“I just think in the latter advances in the market rally – which I think we’re in – a lot of the concerns are camouflaged and put on the back burner - and the line of demarcation and progress is sometimes blurred. And I think that’s where we are,” says Kass.
“Valuations are very high. Everyone quotes a 17 multiple on the S&P – actually the median multiple is over 20 times and the medium multiple on the Russell 2000 is actually 55% higher than the top in mid-2000. These are not ingredients for the continuation of the bull market in my view.”
If we’re bubbled – what sector should be sold – and bought?
“One sector that really concerns me.. is the financial area,” replies Kass. “If you look at the major brokerage stocks, the average debt to capital ratio is somewhere between 13 and 20 times. If you look at the major money center banks the average debt to capital ratio is somewhere between 25 to 30 times. When you get a 2 sigma event like you’ve seen in ‘sub-slime’ this creates problems.”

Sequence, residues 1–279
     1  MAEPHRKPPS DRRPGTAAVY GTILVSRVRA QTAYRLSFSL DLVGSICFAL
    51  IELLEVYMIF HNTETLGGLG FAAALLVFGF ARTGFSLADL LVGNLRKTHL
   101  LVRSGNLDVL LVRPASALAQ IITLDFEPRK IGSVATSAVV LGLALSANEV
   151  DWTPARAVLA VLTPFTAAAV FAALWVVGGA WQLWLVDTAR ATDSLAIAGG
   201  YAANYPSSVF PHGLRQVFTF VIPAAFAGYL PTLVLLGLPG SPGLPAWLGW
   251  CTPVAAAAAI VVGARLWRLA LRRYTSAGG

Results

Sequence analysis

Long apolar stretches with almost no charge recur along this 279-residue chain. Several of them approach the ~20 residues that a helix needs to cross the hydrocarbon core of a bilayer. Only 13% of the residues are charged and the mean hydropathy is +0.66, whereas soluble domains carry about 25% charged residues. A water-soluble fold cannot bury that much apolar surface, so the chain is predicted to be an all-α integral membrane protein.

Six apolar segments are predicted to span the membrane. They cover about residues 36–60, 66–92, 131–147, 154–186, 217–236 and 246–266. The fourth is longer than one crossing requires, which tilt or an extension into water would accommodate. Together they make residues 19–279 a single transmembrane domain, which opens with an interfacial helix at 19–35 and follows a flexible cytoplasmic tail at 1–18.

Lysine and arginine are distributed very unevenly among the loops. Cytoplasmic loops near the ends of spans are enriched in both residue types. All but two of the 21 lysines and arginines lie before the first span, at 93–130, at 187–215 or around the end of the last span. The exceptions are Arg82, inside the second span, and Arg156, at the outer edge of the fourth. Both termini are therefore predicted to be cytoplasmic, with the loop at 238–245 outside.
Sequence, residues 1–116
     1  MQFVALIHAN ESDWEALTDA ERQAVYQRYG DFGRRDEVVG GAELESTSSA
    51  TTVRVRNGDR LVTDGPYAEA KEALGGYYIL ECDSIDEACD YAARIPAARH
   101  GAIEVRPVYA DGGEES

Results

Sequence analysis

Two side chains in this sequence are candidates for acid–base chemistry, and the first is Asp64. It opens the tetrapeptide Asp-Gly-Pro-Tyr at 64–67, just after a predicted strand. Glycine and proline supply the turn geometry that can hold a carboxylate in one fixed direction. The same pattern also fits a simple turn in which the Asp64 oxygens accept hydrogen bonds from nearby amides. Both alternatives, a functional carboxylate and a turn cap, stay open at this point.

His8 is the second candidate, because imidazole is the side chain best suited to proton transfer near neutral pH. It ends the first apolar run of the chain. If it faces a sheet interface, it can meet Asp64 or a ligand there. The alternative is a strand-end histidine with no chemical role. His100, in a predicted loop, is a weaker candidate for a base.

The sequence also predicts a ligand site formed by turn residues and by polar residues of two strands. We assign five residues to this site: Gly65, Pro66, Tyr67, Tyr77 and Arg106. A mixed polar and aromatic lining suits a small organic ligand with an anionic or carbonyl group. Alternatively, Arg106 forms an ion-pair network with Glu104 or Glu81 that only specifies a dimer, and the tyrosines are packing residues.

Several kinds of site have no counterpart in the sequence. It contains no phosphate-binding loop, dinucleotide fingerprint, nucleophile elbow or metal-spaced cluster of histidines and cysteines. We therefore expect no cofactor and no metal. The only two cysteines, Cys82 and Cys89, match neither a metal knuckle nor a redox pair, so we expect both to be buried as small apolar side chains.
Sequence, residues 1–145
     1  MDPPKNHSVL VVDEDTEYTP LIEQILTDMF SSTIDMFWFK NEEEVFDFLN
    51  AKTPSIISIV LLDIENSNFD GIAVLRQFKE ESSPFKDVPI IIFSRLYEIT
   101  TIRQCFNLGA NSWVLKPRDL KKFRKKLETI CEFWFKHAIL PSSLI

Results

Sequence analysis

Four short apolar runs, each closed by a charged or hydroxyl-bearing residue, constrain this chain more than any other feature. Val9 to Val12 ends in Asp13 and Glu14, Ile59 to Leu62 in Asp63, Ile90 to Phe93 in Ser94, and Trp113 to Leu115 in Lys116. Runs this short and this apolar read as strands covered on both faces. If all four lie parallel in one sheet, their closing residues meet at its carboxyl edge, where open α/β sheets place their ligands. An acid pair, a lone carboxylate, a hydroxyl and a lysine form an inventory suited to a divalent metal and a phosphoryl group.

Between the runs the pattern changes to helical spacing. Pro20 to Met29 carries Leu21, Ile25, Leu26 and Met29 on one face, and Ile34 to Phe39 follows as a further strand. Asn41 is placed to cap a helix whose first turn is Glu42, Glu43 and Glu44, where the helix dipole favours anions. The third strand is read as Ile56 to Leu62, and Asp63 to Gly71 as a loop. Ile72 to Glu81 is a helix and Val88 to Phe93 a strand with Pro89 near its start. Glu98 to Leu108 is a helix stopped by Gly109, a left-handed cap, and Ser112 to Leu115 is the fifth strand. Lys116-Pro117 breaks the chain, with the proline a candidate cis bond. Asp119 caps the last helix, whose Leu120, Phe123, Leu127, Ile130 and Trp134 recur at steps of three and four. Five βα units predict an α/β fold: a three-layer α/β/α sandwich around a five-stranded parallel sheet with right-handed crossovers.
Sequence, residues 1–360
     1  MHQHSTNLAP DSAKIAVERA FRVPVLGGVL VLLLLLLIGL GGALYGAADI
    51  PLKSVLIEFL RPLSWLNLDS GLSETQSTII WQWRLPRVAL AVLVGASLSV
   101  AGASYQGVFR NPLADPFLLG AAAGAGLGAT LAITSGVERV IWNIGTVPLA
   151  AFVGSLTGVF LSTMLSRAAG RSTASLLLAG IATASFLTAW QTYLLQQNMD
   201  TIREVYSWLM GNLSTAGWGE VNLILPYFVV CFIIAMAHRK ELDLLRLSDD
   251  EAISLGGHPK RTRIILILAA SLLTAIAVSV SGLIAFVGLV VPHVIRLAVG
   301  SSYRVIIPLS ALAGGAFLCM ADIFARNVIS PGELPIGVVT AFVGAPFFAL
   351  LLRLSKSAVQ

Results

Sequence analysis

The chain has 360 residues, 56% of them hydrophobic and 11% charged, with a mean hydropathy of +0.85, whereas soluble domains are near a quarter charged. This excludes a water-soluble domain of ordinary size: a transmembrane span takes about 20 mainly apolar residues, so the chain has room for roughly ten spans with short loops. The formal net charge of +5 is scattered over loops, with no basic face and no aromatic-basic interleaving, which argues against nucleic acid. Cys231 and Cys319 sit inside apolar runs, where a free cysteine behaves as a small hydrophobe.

He adds “Also the whole derivative business is opaque… No one can really follow the brokerage stocks.. these are basically buying blind pools of assets.”
But they’re making a vast sum of money?
“I think the brokerage companies.. particularly the principal traders like Goldman Sachs (GS)… and certainly the hedge fund community are the 21st century equivalent of the 'The Wizard Of Oz' - sometimes deceitful, barely magical and always immersed in leverage and I think they’re going to face their come-uppance in this cycle because we’ve never had such an aggravated use of leverage. Leverage is always the monster that kills,” says Kass.
What’s your best trade?
“I’m a dedicated short seller,” replies Kass. “What’s done well for me is a basic theme of companies that are challenged from a technological standpoint. If you look at American Greetings (AM) or Valassis (VCI) which sells coupon inserts to Sunday papers.. and Warner Music (WMG) with the death of the CD.. those sort of companies have done quite poorly in this market advance.”